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front cover of Thirty Rooms to Hide In
Thirty Rooms to Hide In
Insanity, Addiction, and Rock ‘n’ Roll in the Shadow of the Mayo Clinic
Luke Longstreet Sullivan
University of Minnesota Press, 2014

Author Luke Longstreet Sullivan has a simple way of describing his new memoir: “It’s like The Shining . . . only funnier.” Thirty Rooms to HideIn tells the astonishing story of Sullivan’s father and his descent from one of the world’s top orthopedic surgeons at the Mayo Clinic to a man who is increasingly abusive, alcoholic, and insane, ultimately dying alone on the floor of a Georgia motel room. For his wife and six sons, the years prior to his death were characterized by turmoil, anger, and family dysfunction; but somehow they were also a time of real happiness for Sullivan and his brothers, full of dark humor and much laughter.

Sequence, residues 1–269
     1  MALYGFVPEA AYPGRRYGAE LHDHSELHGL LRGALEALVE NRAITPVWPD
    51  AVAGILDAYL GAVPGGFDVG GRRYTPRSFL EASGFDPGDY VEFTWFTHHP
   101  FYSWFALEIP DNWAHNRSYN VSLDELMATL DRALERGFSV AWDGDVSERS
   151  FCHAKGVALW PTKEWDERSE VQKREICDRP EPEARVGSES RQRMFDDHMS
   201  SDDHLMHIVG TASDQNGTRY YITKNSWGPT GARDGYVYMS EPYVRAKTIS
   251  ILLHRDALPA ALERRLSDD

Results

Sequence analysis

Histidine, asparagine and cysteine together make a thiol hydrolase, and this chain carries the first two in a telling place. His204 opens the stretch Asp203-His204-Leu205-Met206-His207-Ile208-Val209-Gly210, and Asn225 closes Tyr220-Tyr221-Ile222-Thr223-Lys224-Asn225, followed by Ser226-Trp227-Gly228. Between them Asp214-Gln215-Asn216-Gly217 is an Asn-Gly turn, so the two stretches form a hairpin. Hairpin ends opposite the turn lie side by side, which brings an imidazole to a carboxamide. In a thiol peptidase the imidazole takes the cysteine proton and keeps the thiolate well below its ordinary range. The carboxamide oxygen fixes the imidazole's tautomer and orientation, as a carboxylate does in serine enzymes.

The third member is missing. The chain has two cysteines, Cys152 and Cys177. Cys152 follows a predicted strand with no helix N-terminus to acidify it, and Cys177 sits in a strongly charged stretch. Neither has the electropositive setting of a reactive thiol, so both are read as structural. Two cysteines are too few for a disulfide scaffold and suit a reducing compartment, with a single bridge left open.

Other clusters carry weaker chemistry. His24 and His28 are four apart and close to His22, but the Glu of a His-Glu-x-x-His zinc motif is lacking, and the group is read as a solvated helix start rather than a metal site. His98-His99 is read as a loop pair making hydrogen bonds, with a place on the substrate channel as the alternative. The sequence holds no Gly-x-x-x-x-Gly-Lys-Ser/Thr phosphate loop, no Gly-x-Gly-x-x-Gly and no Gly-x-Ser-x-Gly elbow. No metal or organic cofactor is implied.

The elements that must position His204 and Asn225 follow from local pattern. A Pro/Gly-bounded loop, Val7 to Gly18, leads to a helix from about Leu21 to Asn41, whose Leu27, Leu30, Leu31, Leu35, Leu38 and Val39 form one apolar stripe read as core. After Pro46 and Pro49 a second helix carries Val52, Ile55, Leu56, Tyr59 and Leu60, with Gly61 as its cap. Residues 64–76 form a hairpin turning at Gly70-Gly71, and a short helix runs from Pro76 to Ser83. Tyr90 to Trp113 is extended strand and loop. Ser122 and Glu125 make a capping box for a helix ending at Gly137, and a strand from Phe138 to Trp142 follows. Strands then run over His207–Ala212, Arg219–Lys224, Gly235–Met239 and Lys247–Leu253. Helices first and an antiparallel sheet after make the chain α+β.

Through the 1950s and 1960s, the six brothers had a wildly fun and thoroughly dysfunctional childhood living in a forbidding thirty-room mansion, known as the Millstone, on the outskirts of Rochester, Minnesota. The many rooms of the immense home, as well as their mother’s loving protection, allowed the Sullivan brothers to grow up as normal, mischievous boys. Against a backdrop of the times—the Cold War, the Cuban Missile Crisis, fallout shelters, JFK’s assassination, and the Beatles—the cracks in their home life and their father’s psyche continue to widen. When their mother decides to leave the Millstone and move the family across town, the Sullivan boys are able to find solace in each other and in rock ’n’ roll.

As Thirty Rooms to HideIn follows the story of the Sullivan family—at times grim, at others poignant—a wonderful, dark humor lifts the narrative. Tragic, funny, and powerfully evocative of the 1950s and 1960s, Thirty Rooms to Hide In is a tale of public success and private dysfunction, personal and familial resilience, and the strange power of humor to give refuge when it is needed most, even if it can’t always provide the answers.